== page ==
• Thursday, May 23, 2024
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Lagos to plant 230,000 trees to tackle climate change

Lagos to plant 230,000 trees

The Lagos state government has announced it plans to plant about 230,000 trees between now and the end of the year as part of its effort to tackle the effects of climate change in the state.


The state government also urged residents to imbibe a clean, improved and enhanced positive approach to a climate-friendly environment in order to encourage agroforestry.


Abisola Olusanya, special adviser to the governor on Agriculture, who made this known recently during the 2020 International Day of Forest, explained that these measures become imperative in order to discourage tree felling as well as prevent flooding in the state.


Olusanya noted that the underlying effects of climate change had over the year led to the loss of properties all over the world, stressing that the theme ‘Forests and Biodiversity’ was aimed at promoting the love for the forest, underscoring the importance of education at all levels in achieving sustainable forest management and biodiversity conservation.


“The importance of today’s celebration cannot be overemphasized especially against the background of the effects of climate change resulting from the destruction of our forests which in turn have killed millions, displaced millions and have led to the loss of properties and structures worth billions of dollars all over the world,” Olusanya said in a statement.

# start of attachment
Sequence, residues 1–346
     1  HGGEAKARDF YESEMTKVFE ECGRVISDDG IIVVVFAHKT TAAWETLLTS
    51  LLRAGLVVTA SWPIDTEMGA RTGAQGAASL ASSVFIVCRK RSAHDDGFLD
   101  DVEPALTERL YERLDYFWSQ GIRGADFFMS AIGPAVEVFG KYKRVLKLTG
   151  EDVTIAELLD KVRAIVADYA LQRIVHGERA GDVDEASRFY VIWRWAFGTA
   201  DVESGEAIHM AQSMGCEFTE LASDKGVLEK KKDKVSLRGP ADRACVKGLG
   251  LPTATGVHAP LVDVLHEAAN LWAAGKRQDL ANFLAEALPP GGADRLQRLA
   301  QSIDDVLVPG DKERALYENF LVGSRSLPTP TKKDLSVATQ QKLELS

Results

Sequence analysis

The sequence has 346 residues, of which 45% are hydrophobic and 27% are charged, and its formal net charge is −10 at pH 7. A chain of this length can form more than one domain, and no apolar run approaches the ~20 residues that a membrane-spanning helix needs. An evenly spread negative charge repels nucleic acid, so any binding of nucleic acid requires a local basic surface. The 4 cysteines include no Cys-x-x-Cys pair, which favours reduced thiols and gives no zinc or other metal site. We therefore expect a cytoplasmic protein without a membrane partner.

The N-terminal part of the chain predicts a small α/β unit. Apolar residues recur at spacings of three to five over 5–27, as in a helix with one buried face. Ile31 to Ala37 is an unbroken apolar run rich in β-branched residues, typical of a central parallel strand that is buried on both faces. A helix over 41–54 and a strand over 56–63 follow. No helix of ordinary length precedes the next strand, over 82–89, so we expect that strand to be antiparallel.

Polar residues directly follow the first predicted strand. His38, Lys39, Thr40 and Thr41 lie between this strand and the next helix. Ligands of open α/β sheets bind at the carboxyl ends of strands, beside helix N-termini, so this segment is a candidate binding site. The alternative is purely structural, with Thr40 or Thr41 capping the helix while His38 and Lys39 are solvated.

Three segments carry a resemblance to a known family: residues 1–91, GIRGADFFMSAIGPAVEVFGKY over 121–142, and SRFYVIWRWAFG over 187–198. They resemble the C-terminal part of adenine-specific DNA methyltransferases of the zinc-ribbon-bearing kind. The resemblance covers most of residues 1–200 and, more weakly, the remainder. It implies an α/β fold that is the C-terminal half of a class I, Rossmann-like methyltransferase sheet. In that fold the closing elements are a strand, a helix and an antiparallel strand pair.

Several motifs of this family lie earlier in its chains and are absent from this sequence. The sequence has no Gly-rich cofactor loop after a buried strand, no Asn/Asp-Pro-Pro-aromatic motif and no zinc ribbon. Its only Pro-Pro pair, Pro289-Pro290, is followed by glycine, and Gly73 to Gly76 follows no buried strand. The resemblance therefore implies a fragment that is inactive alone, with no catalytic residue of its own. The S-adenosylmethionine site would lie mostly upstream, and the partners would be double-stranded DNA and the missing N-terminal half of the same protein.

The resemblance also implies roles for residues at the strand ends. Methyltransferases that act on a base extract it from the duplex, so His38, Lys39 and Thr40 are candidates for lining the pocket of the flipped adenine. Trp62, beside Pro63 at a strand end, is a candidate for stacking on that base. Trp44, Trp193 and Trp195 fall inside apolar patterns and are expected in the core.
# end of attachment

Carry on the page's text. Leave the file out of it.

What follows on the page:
She explained that climate change effects, which include water stress, flooding, earthquake, earth movement, flash flooding, erosion of different types and degrees were due to the uncontrolled removal of forests leading to 13 million hectares of forests been destroyed annually.


According to her, deforestation accounts for about 20 percent of the global greenhouse gas emissions that contribute to climate change regardless of the importance of forests which are the most biological- diverse ecosystems on land.


She opined that over 1.6billion global population including more than 2,000 indigenous people depend on forests for livelihoods, medicines, fuel, food, and shelter.


Olusanya says that Lagos currently has over 600,000 hectares of agricultural land being bastardized by surface miners leading to the fear that the host communities may be submerged.


The special adviser stressed that presently, the efforts at reforestation cannot be said to be proportional to the rate of exploitation which put the country at risk of losing its entire forest cover which might lead to the continued experience of changing climate patterns occasioned by the continued emissions of green gases that would have been sequestrated by the forests.


Josephine Okojie